This is our second stop in the Historic Triangle (Yorktown, Jamestown, Williamsburg).  Earlier this week, on Veterans Day, we honored our fallen heroes by learning about the battle of Yorktown at the Yorktown Battlefield NPS.  Today we purchased a seven day pass to multiple museums in the Historic Triangle.  The pass gives us access to Colonial Williamsburg, Yorktown Battlefield NPS, American Revolution Museum, Jamestown Settlement, Historic Jamestown NPS. The Jamestown Settlement is a living history museum run by the state of Virginia. This is the description from their website.

Driving to the settlement they have historic signs marking relevant dates and people in history.

Jamestown Island
Jamestown Island

 
Famous African American Dream
Famous African American Dream

 
Archer's Hope, Local indians killed 1/4 of the population of Jamestown.
Archer’s Hope, Local indians killed 1/4 of the population of Jamestown.

 

“Relive the experience of America’s first permanent English colony.”

“Near the site of the original colony, Jamestown Settlement tells the story of 17th-century Virginia; from the arrival of English colonists in Jamestown in 1607 to the cultural encounters and events that planted the seeds of a new nation. The world of Jamestown, America’s first permanent English colony, comes to life through film, gallery exhibits and outdoor living history.”

Jamestown Fountain
This is the entrance of the Jamestown Settlement. One flag for each state and a fountain honoring the Susan Constant. Nina said “It looks like the boat has sprung a leak.”

 

The Jamestown Settlement has two parts, a museum and a living history area.  We started at the museum.  Because we got a late start to the day we skimmed over many exhibits at the museum. We wanted to get out to the living history area.  The museum building was beautiful and the exhibits were well done.  No pictures were allowed but I got a couple before I noticed the sign.

Rowing the boat
This hollowed out canoe was a replica of boats the Indians used to use in the area. They would burn the wood to hollow it out.

 

Three images displaying Pocahontas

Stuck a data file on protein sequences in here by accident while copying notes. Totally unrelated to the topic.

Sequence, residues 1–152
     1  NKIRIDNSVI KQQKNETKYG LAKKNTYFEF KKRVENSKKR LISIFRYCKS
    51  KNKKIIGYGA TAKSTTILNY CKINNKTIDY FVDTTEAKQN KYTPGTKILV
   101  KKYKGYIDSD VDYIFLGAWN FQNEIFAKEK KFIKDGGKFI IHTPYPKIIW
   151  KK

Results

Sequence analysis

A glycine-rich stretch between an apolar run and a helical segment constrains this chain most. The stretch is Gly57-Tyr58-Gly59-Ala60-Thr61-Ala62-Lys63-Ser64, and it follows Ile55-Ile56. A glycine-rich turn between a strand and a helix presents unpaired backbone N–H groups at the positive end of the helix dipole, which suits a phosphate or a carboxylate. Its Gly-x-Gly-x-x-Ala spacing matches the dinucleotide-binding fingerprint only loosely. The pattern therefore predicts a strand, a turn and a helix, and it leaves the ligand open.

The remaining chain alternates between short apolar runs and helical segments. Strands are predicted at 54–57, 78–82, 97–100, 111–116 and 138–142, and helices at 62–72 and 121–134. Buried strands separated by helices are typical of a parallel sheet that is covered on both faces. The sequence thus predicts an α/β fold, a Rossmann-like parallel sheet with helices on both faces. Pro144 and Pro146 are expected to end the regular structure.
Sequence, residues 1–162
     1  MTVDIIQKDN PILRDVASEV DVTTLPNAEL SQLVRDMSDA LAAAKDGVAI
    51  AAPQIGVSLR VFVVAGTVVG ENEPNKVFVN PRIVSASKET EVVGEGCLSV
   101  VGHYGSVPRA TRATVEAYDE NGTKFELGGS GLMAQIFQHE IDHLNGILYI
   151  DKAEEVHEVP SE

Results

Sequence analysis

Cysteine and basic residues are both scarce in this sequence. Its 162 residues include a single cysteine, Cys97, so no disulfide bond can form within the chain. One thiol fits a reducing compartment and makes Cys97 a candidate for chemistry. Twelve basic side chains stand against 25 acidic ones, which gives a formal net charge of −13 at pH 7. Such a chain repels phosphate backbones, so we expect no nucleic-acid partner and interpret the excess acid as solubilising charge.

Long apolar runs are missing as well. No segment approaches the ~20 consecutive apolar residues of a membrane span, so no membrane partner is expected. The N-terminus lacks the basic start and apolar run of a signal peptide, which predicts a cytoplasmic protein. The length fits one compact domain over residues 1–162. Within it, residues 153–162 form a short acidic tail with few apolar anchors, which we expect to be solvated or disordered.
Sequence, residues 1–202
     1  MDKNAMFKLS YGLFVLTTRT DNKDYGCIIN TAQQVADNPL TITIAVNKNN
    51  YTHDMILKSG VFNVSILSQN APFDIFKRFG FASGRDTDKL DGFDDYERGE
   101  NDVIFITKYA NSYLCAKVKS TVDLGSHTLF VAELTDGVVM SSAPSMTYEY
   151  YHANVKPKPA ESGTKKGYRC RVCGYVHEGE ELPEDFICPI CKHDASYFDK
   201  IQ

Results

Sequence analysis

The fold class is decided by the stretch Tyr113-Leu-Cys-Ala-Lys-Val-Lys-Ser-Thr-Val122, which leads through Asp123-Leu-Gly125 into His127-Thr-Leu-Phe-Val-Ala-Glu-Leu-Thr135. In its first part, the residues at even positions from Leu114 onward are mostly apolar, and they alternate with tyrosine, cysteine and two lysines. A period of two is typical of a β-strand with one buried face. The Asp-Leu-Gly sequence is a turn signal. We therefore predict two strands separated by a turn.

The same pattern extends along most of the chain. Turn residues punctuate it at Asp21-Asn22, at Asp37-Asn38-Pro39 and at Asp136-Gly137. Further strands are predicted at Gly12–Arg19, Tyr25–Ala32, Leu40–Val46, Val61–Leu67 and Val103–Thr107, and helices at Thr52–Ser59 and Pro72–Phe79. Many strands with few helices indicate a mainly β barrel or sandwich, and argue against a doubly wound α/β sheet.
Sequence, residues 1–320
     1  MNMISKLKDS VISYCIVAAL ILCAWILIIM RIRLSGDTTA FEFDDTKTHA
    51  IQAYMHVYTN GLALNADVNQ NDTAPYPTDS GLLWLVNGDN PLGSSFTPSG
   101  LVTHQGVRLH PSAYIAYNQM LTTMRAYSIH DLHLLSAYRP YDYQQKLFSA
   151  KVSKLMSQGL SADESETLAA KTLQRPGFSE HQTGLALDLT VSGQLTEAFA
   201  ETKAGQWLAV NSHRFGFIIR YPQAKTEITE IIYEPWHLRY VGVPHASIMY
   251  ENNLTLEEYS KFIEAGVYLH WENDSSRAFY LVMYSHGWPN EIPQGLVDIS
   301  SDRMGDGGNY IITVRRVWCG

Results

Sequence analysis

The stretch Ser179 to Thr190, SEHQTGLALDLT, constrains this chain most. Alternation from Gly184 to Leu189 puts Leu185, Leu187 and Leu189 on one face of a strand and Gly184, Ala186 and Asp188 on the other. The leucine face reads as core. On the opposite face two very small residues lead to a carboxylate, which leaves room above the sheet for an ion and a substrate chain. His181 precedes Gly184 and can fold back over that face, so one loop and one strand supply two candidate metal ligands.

Three images displaying Pocahontas, an oil painting by an unknown artist and two stained glass pieces.

 

Someone dress to to match the artwork.
Someone dress to to match the artwork.

 

The museum seemed to elicit as many questions as it provided answers. Unfortunately, for as much documentation and artifacts that they have from the settlement, there are many gaps and missing pieces.  Maybe one of our next stops might help us with some of those questions.  We are heading to an ongoing archeological dig at Historic Jamestown NPS.

The Jamestown Settlement museum covered a timeline leading up to the Jamestown Settlement and beyond.  They make an attempt to tie together English, Spanish, Portuguese and Angolan history dating back to the 1500s and the events leading up to the settlement of Jamestown.  Unfortunately, we didn’t experience these exhibits but hopefully we will return to them over the seven days.

We headed outside to James Fort, the living history reenactment. Sometimes, in living history museums,  these people will not break character and talk to you as if they are part of the settlement. This was not the case, these characters were more informational about the voyage and settlement. They spoke of obstacles that the settlers had to overcome, what day to day life was like and how to use tools and weapons of the time.

James Fort left armor around for the kids to try on and wear around. We put these two to work straight away.
James Fort left armor around for the kids to try on and wear around. We put these two to work straight away.

 

James Fort Cannon
Firing a cannon.

 

After visiting the fort we headed down to look at the ships.  The Susan Constant and the Discovery were docked and we could board them.  The Godspeed is still in use and was at dry dock being repaired.

Susan Constant Jamestown
The Susan Constant held 23 crew and 50 passengers. It was the largest ship of the three to make the maiden voyage to Jamestown. It was at sea for 144 days.

 

Touring a ship.
Touring a ship.

 

The Discovery was a much smaller ship holding about 20 crew and passengers.
The Discovery was a much smaller ship holding about 20 crew and passengers.

 

Discovery
A replica of the Discovery that sailed 144 day across the ocean to Jamestown.

 

While we were on the ships, we were visited by a bunch of vultures, probably twenty all gliding around us.  Well among the vultures were a couple of bald eagles.  It was some sight.

Eagles out on the hunt.
Eagles out on the hunt.

 
More Eagles
More Eagles

 

So we wrapped up the Jamestown Settlement at the Powhatan Indian Village.  Unfortunately the two people who were cast to the area had no interest in talking and when asked a couple of questions were quite rude.  Oh well.

Indian Village near Jamestown lead by Chief Powhatan. These were the best Indian houses I have seen at a living history museum.

 

Overall we liked the museum.  We never did get back and go through some of the exhibits.  Maybe next time.

 Jamestown Tower 1607
Jamestown Tower 1607